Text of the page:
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Charlotte Amalie
Sunday, April 14, 2024
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@Work: Villa Morales

Jan 27, 2005 – When Angela Morales took over the family restaurant, she planned to run it for five years. That was 30 years ago, and she is still there.
She does dream of retirement. She says she's heard of women moving from one restaurant to another working as waitresses while they see the world, and that doesn't sound like a bad idea to her.
However, as she spoke recently sitting on the patio of the Villa Morales, the restaurant that has been in her family for over 50 years, that retirement did not appear to be on the immediate horizon.
She talked about how much the restaurant, which specializes in local and Spanish cuisine, has shifted its focus to catering in recent years. The restaurant used to be open five days a week, but now it is open only Thursday, Friday, and Saturday. Villa Morales caters for various government and business groups and for family functions. They will deliver to the function or present the meal right at the restaurant in Estate Whim, just east of Frederiksted off Route 70. According to her partner J.T. Torres, the restaurant has many dedicated customers who keep coming back. "They know they will be treated like family here and they like that," he said.
The 55-year-old Angela cannot be blamed for occasionally thinking of retirement. Her earliest memories are of working in the restaurant her father Angel Sr. and mother Josifena started 53 years ago. "As soon as we were big enough, they put us on a stool and we could wipe dishes," she said.
Her two brothers Alfredo, who is the clerk at Territorial Court, and Angel Jr, who is a professor at the University of Virgin Islands, St. Thomas campus, still help out on occasion, but are no longer involved in the day-to-day operation of the business.
Her parents started the restaurant in downtown Frederiksted and then started to build in the present location after about seven years. For a while both locations were open. Angela remembers taking turns with her brothers to work at the Frederiksted restaurant early in the morning before catching the bus to school.
The family celebrated 50 years in business with an anniversary party in June of 2002. Prices were the same as they were when the restaurant first opened. J.T. said, "There were 2,000 people trying to get that 60 cent plate."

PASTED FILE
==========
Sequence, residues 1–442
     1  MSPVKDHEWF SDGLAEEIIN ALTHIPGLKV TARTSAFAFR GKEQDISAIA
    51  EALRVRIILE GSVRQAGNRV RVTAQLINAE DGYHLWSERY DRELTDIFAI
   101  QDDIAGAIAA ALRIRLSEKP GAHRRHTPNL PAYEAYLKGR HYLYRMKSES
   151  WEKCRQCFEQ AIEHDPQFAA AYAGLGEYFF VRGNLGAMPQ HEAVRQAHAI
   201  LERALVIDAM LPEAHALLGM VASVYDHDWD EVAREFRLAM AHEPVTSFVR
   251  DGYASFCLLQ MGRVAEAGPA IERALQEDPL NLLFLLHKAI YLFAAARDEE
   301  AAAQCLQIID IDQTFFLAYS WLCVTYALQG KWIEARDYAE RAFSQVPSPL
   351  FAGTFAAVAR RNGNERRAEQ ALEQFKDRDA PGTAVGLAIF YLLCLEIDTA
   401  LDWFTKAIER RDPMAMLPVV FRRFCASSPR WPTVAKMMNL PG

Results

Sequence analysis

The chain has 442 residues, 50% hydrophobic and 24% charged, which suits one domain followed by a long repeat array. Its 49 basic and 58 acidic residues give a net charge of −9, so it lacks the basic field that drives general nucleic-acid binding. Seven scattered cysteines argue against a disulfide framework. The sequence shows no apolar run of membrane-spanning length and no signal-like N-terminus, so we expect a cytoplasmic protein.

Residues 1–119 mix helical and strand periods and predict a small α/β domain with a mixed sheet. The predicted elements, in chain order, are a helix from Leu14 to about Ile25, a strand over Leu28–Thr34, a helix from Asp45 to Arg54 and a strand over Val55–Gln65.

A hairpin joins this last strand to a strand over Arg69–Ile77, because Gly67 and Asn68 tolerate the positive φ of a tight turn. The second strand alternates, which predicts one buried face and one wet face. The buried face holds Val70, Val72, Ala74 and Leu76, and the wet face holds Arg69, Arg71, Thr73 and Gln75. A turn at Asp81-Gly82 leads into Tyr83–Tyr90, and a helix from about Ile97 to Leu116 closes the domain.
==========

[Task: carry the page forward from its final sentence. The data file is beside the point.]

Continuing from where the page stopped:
The family tries to keep a strong place in the community. Angela said they received help from community members as they struggled to stay open after Hurricane Hugo.
They also give back to the community. For several years, the group My Brother's Table, which helps feed the homeless in Frederiksted, had no real home. Villa Morales opened its doors and the meals were prepared there and then taken down to Market Square to be served.
The restaurant also sponsors several kayaks in the Kayaks for Kids annual event that raises funds for orphans.
All the seasoning and sauces are made right on the premises using whatever local fruits and vegetables are available. Josefina still makes a hot pepper sauce.
Pates and johnny cakes are their biggest sellers. They often get calls to overnight those delights to Florida, Maine, New York, Florida and other states.
Specials on Thursday include stew goat and barbecue spare ribs; on Friday, Roast pork and roast goat; and Saturday, roast pork and roast goat.
The regular menu includes seafood such as steamed red snapper, conch, shrimp, and lobster. Steaks are also available, but J.T. is adamant about not having any hot dogs, pizza or hamburgers.
A small motel with eight rooms available for short-term rentals connects to the restaurant which has a patio, a dining area, a bar and a conference room.
For more information call 772-0556.

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